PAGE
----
If you can swing it, suggest to buy another car. Used Corolla or Civic, etc. Give your car to a neighborhood teenager who’d interesting in fixing it up, make a deal they can have your car for free, but in return they provide some labor-help for you w/your next car when it needs some diagnostic or routine service. That method will solve two problems at once.

I am 82 years old and will probably not buy another car. I am sitting on a perfect driving record, no tickets or accidents and hope to keep it that way. I have access to a lift program for seniors and Uber so won’t be stranded at home.

I plan to continue driving my car as long as I can, she has been a wonderful car and has always gotten me home. I go out only once or twice a week and sometimes not at all and no highway or rush hour driving.

thanks for your input.

Trava Bigley

Something else will probably kill the car or make it not worth the price of repair. My estimation of the situation you are loosing coolant, not worth putting a new head on, but not a danger to the engine unless you run out of fluid., keep it full and drive on I would probably rent a car for a long road trip, but have a bud who drove one like that for 5 years. look for sales on prestone or whatever, stock up and drive it till it dies.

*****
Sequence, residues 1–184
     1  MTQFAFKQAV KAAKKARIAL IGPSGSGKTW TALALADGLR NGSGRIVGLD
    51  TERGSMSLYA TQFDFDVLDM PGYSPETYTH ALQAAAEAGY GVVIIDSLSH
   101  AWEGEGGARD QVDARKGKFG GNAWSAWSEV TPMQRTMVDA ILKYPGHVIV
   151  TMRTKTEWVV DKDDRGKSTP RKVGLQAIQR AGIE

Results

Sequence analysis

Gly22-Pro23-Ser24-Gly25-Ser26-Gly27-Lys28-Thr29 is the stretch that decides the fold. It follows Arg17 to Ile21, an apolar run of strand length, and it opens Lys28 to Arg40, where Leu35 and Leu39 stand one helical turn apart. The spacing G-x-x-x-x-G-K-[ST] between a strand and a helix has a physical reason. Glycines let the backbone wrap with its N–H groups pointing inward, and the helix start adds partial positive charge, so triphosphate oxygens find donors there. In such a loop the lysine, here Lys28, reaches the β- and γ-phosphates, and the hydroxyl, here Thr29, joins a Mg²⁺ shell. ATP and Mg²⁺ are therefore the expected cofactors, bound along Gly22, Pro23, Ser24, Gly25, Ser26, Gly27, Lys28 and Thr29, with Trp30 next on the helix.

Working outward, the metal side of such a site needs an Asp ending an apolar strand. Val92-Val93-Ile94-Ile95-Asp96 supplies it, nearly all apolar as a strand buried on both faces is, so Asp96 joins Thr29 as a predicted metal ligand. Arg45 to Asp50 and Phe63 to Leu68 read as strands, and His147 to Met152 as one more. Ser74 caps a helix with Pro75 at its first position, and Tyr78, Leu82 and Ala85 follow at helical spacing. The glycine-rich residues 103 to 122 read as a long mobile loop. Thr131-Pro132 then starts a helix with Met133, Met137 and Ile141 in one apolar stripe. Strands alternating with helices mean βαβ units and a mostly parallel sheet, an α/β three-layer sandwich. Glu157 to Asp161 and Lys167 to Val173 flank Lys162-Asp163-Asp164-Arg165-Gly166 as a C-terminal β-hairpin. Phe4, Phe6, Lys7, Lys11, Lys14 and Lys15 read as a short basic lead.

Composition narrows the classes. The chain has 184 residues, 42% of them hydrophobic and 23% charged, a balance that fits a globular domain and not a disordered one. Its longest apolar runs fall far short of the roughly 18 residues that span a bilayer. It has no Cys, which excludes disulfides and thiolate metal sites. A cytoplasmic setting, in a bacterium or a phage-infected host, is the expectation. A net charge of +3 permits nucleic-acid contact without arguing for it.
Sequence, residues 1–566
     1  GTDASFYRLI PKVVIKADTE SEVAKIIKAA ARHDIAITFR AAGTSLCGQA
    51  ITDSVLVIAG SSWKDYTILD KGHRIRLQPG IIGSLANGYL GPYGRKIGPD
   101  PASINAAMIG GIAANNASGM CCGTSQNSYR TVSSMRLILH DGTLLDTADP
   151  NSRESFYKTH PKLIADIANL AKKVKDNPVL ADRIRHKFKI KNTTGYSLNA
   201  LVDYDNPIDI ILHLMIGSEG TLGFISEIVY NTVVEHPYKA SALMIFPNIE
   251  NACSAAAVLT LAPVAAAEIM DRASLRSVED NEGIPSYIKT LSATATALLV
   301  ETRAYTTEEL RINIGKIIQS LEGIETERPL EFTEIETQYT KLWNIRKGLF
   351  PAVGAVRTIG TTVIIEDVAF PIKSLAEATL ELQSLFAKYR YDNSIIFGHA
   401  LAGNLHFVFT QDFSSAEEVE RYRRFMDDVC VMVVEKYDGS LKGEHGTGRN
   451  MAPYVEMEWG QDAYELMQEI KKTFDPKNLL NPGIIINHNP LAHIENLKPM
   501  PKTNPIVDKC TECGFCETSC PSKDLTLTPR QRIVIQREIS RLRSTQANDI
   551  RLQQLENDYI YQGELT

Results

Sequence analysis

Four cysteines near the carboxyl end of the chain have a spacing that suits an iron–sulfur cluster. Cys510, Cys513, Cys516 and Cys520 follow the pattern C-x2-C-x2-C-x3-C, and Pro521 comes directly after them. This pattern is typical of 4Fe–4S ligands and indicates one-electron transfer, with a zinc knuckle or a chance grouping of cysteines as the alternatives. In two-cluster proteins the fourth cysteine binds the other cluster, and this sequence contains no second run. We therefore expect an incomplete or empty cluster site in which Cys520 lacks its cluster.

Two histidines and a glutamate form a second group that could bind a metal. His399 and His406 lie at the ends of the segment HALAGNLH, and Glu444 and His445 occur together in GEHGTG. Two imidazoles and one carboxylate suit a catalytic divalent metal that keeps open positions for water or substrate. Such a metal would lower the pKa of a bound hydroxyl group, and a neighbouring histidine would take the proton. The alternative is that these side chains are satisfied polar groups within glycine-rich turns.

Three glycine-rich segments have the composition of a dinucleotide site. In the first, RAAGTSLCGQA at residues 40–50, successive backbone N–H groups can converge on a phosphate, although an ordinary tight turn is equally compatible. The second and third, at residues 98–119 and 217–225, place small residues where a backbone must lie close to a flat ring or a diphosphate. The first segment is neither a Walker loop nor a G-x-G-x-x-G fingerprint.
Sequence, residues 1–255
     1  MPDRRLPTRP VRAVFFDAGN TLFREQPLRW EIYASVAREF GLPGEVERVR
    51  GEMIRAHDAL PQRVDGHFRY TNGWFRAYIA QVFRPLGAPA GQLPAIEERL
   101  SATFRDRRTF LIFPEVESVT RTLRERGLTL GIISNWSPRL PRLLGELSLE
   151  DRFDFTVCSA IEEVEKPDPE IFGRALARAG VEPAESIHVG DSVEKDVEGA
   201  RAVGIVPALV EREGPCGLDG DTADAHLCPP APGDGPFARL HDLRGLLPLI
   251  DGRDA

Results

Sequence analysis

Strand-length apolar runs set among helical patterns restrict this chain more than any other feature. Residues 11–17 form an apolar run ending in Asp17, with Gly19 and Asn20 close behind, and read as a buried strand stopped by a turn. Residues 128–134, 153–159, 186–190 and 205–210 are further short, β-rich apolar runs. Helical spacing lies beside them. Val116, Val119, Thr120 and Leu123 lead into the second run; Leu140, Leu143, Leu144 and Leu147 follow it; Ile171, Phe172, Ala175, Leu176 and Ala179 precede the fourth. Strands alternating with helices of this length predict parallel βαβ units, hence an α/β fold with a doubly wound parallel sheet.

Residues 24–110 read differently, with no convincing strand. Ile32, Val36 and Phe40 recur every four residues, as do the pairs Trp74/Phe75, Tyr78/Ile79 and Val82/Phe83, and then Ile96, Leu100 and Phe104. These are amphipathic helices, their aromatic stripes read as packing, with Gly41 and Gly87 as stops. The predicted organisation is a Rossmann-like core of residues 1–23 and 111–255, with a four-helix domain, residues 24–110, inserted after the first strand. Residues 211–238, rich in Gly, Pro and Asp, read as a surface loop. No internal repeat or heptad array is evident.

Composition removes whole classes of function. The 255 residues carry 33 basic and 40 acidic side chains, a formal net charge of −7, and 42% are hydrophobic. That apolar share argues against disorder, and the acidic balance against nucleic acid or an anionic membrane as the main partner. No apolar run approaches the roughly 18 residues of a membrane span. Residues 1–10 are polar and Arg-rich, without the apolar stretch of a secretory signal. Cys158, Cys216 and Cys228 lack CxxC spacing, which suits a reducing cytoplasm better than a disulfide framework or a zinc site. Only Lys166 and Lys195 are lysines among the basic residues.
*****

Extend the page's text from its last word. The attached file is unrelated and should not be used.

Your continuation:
If you get a major breech steam will come out from under the hood, as well as from under the car, visible in the rear view mirror. No, the car won’t blow up!

A few years back. on an urban expressway, a rad dose blew on my Chevy Impala . Lots of steam coming out from under the hood; I kept to the shoulder of the road an took a nearby exit where there just happened to be a Chrysler dealership.

They replaced the hose and missing coolant and a few hours later I was on my way. No damage to the car.

I doubt if you will ever have that much steam to contend with, so be prepared to move over to the right hand lane and then the shoulder if the engine seizes.

I would not hesitate to drive this car on a daily basis in and around town. Just don’t take it on a trip.

Good luck!

You may want to remove the thermostat and drill a small orifice in it to assist with exhaust gas removal, then reinstall it with this orifice at the highest point. Even with no head gasket problems, this trick will allow for easy air removal when changing coolant. I used size 3/32" when I did this on my Caravan, and it was very easy to purge out the air.

Now, it appears the head gasket is leaking again, after only about 8500 miles, so I’m really glad I did this trick, as it keeps the engine from overheating. Like you, I am probably going to try a sealant, because this engine has always had an annoying miss at idle, which no one could figure out, so it’s not worth the effort for me to do another head gasket. I am instead going to keep it running as long as I can, then either replace the engine or buy a different van.

I had a 94 century w/2.5 and forgot the corsica’s never had it. 2.2? Hmm, odd motor.

You are in Oklahoma so you might let this thing go and look into one of the many LSV 's ( Low Speed Vehicle ) that are on the market because of the terrible tax incentive program we had.

Isn’t the 2.2 ohv cast iron motor the same one that was installed longitudinally in the S-10 and Sonoma . . . ?